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Attack Of The Sommeliers!

2012 January 17
by Mike

To SidewaysMondovino, and Bottle Shock, you can now add Somm, a forthcoming documentary that follows several sommeliers as they attempt the notoriously difficult Master Sommelier exam. The trailer was just released, and while Somm has unmistakable echoes of reality TV, it looks like an engaging film and I’m eager to see it. I imagine it will further glamorize a profession that already enjoys significant star power on these shores. Indeed, sommeliers have truly become the rock stars of the American wine scene. There is a lot of talk these days about the future of wine journalism, but I wonder if those of us doing all the navel-gazing have overlooked one possibility: could the next set of big-time wine communicators come from the ranks of America’s sommeliers?

It’s a question prompted not only by Somm, but also by a recent thread on, in which importer Bartholomew Broadbent made the following claim: “Today, sommeliers are becoming the most influential wine group in America—they are so organized that, I predict, within the next 7 years, they will trump all wine writers and bloggers, simply because they are so interconnected and have a direct influence on the consumer.” I’m not sure that sommeliers are all that organized, but there is no denying that they play a significant tastemaker function in the United States; just look at how fashionable grüner veltliner became for a time. Andrea Robinson made the jump from sommelier to wine communicator and is now among America’s foremost wine popularizers; there is no reason to think that other sommeliers can’t follow her lead.

A big push into the realm of wine content (print, digital, video, some blend thereof) would seem to be the next logical step in America’s sommelier revolution. As I wrote a few years ago in Slate, Americans have completely redefined professional wine service and have turned the role of sommelier into an exemplar of upward mobility. In addition to acquiring the kind of celebrity that normally attaches itself to chefs, sommeliers are moonlighting nowadays as winemakers and entrepreneurs, and a few are also nibbling at the edges of journalism. Rajat Parr, who oversees wine for Michael Mina’s restaurant empire, recently co-authored an excellent book with Jordan Mackay titled Secrets of the Sommeliers, which combines an inside look at the life of a sommelier (more glamorization!) with practical advice for consumers. And that last bit underscores a key point: besides having an encyclopedic knowledgeable of wine, the finest sommeliers are superb communicators, which suggests that they are more than capable of competing on the same turf that I do.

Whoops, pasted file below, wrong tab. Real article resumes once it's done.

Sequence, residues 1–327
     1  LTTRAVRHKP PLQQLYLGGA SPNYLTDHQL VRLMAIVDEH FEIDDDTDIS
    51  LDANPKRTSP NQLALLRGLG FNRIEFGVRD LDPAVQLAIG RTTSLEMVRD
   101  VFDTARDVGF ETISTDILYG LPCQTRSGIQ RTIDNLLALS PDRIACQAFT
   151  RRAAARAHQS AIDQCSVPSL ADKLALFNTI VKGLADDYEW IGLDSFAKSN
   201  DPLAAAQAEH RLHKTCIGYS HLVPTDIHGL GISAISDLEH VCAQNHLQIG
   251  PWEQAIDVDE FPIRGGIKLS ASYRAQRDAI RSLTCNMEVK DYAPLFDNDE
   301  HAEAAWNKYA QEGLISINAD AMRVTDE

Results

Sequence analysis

But pace Broadbent, it’s also possible that sommeliers may recede in importance in the years ahead. Steve Heimoff had an item yesterday riffing off an article in the San Francisco Chronicle looking at how tablet devices are replacing waiters in some restaurants. Heimoff suggested that if waiters can be supplanted by machines, so can sommeliers. I think that’s true; lots of people can navigate wine lists on their own and neither need nor want human guidance. The upscale bistros that are all the rage in Paris at the moment do without sommeliers; as Christian Constant, the godfather of the so-called bistronomie movement, put it to me, “People know wine as well as the sommelier.” That’s an exaggeration, but plenty of people know wine well enough that they can manage without the help of a sommelier. Doing without a sommelier is also a way for restaurants to keep costs down, and at a time when diners want good value in addition to good food, that’s no small consideration. We have an increasingly self-confident wine culture in the United States, and we also have a struggling economy, and it’s possible that these two things could lead restaurants here to cut back on dedicated wine service. If that happens, I suppose some sommeliers might dive into wine journalism out of necessity rather than choice. When they discover how lucrative it is, they’ll be kicking themselves for having waited so long!

50 Responses leave one →
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  5. Stephanie permalink
    January 18, 2013

    I agree with Matt S. The number one reason guests ask for me, and continuously come back (outside of the great food, and service), is a hospitable interaction, and a personalized experience. Sommeliers work extremely hard, and strive for current, and continued excellence every day. We can program a tablet to filter through various varietals, taste profiles, vintage charts, and maybe even tours of the winery; but no electronic device will replace the elegance, grace, and cordial nature- a well trained sommelier will possess.

  6. Rob permalink
    January 24, 2012